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ATD Blog

Use Data Analytics to Improve Strategic Planning for the Future Federal Workforce


Strategic workforce planning (SWP) is a comprehensive process essential to ensuring an organization has the right people in the right positions and that those people have the right skills and competencies at the right time.

But for SWP to be effective and provide insights to leadership, the incorporation of workforce data analytics is essential.

Human capital (HC) organizations typically have multiple systems with different functions, and they are proficient in extracting routine reports on data such as headcounts, workforce composition, status of recruitment actions, performance ratings and awards, training completions, and so on.

However, even sophisticated organizations sometimes lack the specific skills and ability—and time—to proactively analyze the right data, which is necessary to enable achievement of long-term goals. Workforce analytics integrate the use of technology, metrics, data, and processes. When approached comprehensively, these analytics elevate human resources data from a transactional to a strategic lens, and inform decision making by executives, senior leaders, and managers.

Meeting Office of Personnel Management (OPM) Guidelines

Given the numerous regulations applicable to administering daily operations, HR teams face challenges in ensuring the day-to-day needs of their customers are met while also conducting long-term planning to meet future HC needs. OPM has also implemented federal guidelines in 5 CFR 250, Subpart B that require developing programs based on comprehensive workforce planning and analysis. These programs must align to agency strategic plans and goals to ensure that HC programs and service delivery focus on the mission and big picture.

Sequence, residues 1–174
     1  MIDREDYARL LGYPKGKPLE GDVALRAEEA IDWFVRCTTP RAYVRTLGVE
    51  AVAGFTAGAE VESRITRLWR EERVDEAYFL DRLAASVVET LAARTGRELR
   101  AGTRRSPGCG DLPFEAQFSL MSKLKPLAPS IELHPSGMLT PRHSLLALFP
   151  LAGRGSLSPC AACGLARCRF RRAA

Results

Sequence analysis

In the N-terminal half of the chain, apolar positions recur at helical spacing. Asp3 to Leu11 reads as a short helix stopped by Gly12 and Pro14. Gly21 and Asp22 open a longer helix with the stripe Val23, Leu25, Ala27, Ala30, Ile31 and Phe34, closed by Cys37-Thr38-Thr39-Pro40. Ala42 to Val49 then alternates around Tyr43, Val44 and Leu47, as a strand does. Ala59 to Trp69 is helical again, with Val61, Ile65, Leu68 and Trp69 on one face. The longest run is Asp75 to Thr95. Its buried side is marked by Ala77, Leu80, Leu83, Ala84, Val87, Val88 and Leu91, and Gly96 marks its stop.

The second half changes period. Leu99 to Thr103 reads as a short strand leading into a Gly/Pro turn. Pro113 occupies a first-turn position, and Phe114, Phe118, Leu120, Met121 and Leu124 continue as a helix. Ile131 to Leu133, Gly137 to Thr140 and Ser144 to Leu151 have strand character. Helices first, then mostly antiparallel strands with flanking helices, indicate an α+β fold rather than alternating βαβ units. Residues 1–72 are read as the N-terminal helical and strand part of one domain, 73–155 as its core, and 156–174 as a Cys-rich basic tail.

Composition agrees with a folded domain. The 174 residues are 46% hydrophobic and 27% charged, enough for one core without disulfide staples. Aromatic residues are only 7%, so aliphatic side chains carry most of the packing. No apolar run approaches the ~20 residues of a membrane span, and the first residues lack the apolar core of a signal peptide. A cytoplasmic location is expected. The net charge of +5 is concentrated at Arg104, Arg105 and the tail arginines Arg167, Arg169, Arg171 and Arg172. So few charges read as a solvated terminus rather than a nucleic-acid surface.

This includes, but is not limited to, monitoring and addressing skills gaps within mission-critical occupations (MCOs); developing and retaining an effective workforce; identifying vulnerabilities to attrition and loss of knowledge; ensuring leadership continuity; and developing mitigation strategies that enable the reduction of HC risks and skills gap closure.


Steps to SWP Success

The best approach to a successful SW plan starts with developing a thorough understanding of the organization’s mission, strategic direction, alignment of programs and functions, strategic goals, and annual performance targets. Sources of data may include:

  • Existing agency and HC strategic documents
  • A review of operating plans and targets
  • Analysis of feedback from past studies or reviews to evaluate results of improvement measures
  • Surveys to obtain input from leaders and managers
  • Development of specific data-driven analytics methods, such as talent and position risk assessments based on multiple indicators

From there, it is important to conduct talent and position risk assessments, gap analyses, and other data analytics to validate such factors as the talent profile; potential threats to mission accomplishment posed by vacant positions; critical skills and competencies needed; vulnerabilities due to the potential loss of knowledge; deficiencies in skills and competencies that can hinder success; changing workload, program, and functional requirements; and imbalances in workload distribution.

Armed with these programmatic and people insights, the next step is to analyze the effects of strengths, weaknesses, opportunities, and threats (SWOT). Findings and results should be documented in a formal report to inform decision making, recommendations for mitigation strategies, and action planning, including insights from research of industry HC data and trends and collaboration with the HR team. This enhances the probability of delivering and coordinating the implementation of an executable approach to workforce data analytics, which helps customers establish a culture of continuous SWP improvement focused on efficiency with a continual drive toward future readiness and mission achievement.


Support for SWP Success

The process of changing how a legacy organization examines the state of its workforce, identifies risks, addresses gaps, and proactively plans to meet its future needs can be daunting. But it is achievable, especially if an agency is willing to ask for help. Partnering with industry—with a subject matter expert in human capital management like Business Management Associates (BMA)—enables an agency to double up on its resources in the short-term while doubling down on its mission for the long-term. It protects an agency’s ability to focus on critical day-to-day operations and offers an incredible opportunity to reap the benefits of SWP efforts happening in other agencies as well as in the commercial world.

Through the efforts of a forward-thinking, inventive, and experienced team, a proactive and sustainable SWP program can move from an agency’s someday wish list to its everyday reality.

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